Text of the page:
The Measure of A Leader
Many years ago when I was a young assistant manager of a food chain in downtown Boston, I worked with an eclectic and diverse staff. I was thrilled to be around people from so many countries – Brazil, Guatemala, Haiti, Jamaica, Puerto Rico. I learned so much early on about the cultures of other people and their thinking – it really helped me in my formidable leadership trajectory.
But the most important lesson I learned was from a 15 year old boy from Massachusetts named Ray. Ray was a typical city kid, whose father tried to teach him many things as a young man. Ray was not a model teenager, but his father’s influence seemed to stay his hand and keep him motivated.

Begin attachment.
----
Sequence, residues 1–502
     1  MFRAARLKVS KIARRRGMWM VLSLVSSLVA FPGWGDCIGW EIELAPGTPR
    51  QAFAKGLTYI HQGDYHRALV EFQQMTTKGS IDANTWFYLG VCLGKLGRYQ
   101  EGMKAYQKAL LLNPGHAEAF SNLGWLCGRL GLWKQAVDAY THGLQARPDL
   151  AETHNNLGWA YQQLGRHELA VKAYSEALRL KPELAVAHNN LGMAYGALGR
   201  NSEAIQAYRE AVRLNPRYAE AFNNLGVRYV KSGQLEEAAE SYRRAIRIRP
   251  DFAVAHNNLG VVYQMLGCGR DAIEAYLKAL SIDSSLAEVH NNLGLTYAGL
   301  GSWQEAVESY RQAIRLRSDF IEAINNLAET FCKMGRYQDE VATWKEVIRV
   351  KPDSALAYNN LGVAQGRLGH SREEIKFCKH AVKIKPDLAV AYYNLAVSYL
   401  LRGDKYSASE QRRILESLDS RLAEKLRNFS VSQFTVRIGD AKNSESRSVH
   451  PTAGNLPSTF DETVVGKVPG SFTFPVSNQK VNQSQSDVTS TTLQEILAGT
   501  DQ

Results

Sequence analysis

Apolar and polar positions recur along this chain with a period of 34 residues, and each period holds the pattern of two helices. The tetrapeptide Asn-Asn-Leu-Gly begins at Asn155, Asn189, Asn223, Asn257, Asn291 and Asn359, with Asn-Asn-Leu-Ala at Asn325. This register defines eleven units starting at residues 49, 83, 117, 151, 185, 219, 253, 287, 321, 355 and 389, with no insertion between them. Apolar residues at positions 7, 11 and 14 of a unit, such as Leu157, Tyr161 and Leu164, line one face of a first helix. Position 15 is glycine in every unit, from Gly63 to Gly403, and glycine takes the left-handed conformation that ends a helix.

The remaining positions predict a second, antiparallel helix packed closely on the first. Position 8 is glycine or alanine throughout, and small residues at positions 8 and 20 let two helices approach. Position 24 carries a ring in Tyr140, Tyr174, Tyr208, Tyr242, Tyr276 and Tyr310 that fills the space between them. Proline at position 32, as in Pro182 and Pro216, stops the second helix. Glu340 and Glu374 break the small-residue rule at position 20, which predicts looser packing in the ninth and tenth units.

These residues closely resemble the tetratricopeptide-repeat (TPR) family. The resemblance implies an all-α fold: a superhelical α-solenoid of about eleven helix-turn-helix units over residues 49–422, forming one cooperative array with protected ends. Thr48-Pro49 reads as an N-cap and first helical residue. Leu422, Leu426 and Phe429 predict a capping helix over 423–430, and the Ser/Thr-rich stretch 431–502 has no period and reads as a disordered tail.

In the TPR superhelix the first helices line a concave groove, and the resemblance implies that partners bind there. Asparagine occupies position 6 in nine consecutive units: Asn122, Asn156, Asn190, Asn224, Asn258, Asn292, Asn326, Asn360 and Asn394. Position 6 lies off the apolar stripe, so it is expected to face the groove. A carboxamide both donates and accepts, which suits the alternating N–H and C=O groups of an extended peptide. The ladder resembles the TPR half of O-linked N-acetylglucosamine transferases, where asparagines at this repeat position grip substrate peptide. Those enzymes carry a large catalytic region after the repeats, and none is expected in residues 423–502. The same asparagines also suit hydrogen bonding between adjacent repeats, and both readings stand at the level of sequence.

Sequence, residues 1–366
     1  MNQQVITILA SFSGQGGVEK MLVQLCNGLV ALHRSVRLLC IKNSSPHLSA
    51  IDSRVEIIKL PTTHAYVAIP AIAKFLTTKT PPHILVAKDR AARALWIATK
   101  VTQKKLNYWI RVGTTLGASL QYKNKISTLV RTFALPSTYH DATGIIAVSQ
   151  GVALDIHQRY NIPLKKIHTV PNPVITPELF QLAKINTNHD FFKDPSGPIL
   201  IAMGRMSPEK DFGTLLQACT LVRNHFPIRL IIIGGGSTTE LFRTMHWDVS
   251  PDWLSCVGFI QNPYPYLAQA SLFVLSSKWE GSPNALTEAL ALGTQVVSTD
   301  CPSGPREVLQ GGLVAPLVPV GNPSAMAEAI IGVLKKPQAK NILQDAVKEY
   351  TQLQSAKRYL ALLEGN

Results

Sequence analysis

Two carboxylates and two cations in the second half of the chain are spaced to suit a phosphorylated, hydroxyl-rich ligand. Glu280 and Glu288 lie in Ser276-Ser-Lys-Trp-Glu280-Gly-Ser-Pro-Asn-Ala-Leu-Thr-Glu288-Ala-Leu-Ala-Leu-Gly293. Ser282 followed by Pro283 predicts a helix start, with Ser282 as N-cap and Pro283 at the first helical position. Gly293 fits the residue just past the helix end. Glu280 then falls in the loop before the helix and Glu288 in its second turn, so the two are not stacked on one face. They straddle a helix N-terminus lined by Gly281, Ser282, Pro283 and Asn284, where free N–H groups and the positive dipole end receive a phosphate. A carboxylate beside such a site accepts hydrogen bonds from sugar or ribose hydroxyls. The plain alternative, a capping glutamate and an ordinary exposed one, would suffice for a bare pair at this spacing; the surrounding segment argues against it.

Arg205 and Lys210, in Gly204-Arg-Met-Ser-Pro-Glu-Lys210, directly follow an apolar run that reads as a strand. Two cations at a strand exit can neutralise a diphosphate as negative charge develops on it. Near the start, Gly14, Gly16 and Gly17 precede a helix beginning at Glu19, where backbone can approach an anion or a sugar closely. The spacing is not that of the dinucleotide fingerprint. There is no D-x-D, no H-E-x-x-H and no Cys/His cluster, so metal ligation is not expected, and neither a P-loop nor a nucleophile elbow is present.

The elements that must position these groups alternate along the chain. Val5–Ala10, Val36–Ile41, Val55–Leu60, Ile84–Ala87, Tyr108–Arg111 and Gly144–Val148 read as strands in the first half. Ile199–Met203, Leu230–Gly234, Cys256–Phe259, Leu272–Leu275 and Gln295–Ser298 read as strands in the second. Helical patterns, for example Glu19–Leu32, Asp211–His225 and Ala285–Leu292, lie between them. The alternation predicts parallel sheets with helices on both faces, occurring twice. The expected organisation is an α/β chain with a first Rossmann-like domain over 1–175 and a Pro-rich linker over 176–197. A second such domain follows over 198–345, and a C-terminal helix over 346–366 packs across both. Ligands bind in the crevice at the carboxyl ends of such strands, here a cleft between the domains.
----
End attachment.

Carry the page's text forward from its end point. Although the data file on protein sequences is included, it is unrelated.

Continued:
One day Ray was having a stellar day at work, and one of his co-workers balked at doing a job they had been asked to do. When the staff member asked why he needed to do the task, Ray said,
“You know, my father always told me, ‘The measure of a man or woman is not how well they do what they like, but how well they do what they don’t like.'”
Those words burned into me that day. What a statement! It brought both conviction and motivation all in the same breath.
Leadership is not an easy path. Sometimes we struggle to do what’s right. The best way is not always the easiest.
We often get pushed into unpleasant situations, tough calls we wish we didn’t have to make. Principles that need to be upheld, despite our desire to take the easy way out.
The measure of a leader is not how well you do what you like, but how well you do what you don’t like.
(image courtesy of sermoncentral.com)